Look at just how intuitively clear this visualization tool is. Even without comments it is fairly obvious what was happening in the simulation — where errors happen, and where the traffic flows. This is very hard to achieve with a dashboard. And it’s exactly what Vizceral is good for.


Netflix opensourced the front end part of Vizceral, using which we created an internal tool called Phobos. It uses Vizceral, and yet it is quite different in many ways. First of all, we are not interested in traffic data, we are interested in how connections between microservices relate to specific business processes like login or purchase. If something goes wrong with a service A, the questions we’re interested in are: which other services might have degraded performance? And which business processes may be affected by it?

Phobos area view

Instead of datacentres or availability zones, the main view of Phobos shows business areas. Each area contains microservices related to a specific business process. For example, one area could contain all microservices that handle user data, another one could contain all services that handle listings, and so on. You can zoom into an area to see individual services within this area and their connections. Services that belong to the area are shown in green, other areas are shown in blue. Phobos is integrated with our monitoring stack, so alerts are shown in red. For each service there is a summary panel where you have a list of hosts, incoming and outgoing connections, links to dashboards, PagerDuty, deploy info and other integrations. You can drill even further into an individual service to see individual instances of this service, their alerts and connections.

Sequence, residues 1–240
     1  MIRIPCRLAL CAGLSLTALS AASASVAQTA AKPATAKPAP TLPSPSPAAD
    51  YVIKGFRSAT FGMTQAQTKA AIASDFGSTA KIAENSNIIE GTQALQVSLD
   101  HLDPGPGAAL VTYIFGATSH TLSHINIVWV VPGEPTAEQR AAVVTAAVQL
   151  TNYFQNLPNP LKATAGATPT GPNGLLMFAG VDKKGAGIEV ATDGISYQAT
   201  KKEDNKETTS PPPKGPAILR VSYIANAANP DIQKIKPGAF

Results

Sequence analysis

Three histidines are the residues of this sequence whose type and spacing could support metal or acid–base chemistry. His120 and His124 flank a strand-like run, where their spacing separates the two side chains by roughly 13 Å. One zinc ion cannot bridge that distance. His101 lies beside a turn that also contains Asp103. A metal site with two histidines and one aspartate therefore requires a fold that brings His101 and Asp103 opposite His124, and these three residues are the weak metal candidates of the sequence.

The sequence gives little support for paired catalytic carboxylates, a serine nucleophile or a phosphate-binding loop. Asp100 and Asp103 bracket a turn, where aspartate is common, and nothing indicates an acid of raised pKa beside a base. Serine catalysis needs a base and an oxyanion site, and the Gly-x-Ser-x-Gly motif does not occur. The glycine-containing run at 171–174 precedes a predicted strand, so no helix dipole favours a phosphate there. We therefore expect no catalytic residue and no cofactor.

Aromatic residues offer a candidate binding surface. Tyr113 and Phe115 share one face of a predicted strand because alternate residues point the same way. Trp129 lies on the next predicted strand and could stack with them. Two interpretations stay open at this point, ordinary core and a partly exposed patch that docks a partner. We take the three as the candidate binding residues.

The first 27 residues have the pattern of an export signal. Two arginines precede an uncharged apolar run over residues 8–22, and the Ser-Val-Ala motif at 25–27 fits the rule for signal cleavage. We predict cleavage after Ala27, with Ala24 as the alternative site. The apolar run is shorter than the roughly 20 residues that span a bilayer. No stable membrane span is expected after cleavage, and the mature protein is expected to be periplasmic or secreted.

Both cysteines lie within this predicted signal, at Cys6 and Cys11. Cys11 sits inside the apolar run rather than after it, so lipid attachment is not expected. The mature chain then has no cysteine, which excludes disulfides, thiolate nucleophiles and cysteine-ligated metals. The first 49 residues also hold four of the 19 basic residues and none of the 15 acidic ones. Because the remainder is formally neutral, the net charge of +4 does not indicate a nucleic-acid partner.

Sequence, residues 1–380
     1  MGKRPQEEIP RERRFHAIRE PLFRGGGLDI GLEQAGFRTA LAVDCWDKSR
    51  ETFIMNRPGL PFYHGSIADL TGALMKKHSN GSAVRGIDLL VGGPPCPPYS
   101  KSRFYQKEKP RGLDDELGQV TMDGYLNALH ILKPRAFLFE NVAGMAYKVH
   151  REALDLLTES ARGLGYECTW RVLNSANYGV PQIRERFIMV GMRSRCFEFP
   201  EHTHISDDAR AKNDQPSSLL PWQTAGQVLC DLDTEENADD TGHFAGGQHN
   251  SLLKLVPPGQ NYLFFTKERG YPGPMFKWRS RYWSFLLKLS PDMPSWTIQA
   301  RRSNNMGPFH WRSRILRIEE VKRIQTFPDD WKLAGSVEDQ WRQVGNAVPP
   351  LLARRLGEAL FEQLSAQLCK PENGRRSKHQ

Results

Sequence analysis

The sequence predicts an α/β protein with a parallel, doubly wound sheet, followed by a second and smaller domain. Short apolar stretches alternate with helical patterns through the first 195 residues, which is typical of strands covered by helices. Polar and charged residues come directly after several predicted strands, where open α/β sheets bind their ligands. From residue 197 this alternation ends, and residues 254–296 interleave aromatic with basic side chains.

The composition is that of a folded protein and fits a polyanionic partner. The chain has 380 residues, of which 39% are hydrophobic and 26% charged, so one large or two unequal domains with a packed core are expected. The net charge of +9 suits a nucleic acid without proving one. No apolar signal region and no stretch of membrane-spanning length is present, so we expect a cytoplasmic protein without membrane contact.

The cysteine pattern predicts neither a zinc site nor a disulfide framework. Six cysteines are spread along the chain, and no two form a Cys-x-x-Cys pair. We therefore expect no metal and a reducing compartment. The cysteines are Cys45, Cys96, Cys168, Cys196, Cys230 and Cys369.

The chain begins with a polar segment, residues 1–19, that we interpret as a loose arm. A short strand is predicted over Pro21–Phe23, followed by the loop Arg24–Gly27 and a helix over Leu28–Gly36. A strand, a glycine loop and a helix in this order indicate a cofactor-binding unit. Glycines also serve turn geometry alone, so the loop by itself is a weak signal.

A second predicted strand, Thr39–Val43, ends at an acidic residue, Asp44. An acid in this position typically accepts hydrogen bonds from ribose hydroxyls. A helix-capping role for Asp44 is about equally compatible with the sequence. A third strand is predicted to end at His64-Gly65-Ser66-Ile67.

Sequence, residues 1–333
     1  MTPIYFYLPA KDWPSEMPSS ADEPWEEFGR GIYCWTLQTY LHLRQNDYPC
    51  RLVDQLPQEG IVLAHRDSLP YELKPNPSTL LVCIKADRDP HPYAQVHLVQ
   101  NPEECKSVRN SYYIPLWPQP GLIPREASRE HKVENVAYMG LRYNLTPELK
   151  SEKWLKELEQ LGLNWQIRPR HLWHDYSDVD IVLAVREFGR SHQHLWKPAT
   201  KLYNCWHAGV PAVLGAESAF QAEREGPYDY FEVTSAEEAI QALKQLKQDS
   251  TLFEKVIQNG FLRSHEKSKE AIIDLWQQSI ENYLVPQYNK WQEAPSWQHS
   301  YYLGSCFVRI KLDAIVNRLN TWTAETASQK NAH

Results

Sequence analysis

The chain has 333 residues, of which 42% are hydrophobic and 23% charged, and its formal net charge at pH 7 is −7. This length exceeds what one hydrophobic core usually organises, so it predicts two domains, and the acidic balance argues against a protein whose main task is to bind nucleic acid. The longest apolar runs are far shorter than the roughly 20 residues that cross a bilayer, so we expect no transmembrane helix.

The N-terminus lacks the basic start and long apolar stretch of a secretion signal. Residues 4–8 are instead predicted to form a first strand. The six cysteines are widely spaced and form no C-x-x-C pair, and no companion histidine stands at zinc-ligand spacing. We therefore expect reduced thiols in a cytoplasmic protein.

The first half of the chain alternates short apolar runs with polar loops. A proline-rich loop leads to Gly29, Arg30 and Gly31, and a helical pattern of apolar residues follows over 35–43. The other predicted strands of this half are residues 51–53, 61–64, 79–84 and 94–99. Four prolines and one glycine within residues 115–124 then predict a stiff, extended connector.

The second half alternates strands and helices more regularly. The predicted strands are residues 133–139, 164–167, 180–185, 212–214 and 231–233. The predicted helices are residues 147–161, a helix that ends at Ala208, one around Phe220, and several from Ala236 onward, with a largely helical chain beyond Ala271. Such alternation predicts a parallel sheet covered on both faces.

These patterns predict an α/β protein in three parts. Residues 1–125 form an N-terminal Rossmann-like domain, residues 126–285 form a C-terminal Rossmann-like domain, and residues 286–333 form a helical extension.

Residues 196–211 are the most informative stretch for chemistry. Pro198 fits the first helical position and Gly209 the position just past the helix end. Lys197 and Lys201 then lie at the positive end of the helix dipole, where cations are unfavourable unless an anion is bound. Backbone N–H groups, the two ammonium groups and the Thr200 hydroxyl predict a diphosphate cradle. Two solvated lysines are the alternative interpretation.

Phobos has the ability to travel back in time, so you can see what the state of the system was yesterday during an outage, which is especially useful during root cause analysis and postmortems.

To create a map of connections between services we use a combination of two sources. Firstly, we use trace IDs from Zipkin protocol. Secondly, we collect information about individual TCP connections from netstat. While the original Vizceral operates on data about the volume of requests, in Phobos we use data about the number of TCP connections established between hosts.

Phobos service view

The frontend part of Vizceral, which is opesourced by Netflix, is written in WebGL with three.js library; and on top of Vizceral we use a Vizceral-React wrapper. The backend consists of three logical parts. First, there are host-runners — daemons that collect information about TCP connections between services and send this data via Apache Kafka to our Hadoop cluster. Second, there are Spark jobs that analyse connection data and store it in Cassandra database. And finally there is the Phobos backend itself, which is written in Python using Django Rest Framework. Phobos backend crunches the data from Cassandra and exposes it in JSON format via API endpoint in the form that Vizceral understands.

Phobos became an invaluable tool that gives us an interface to a very complex system, enabling us to develop an intuition about its state and health.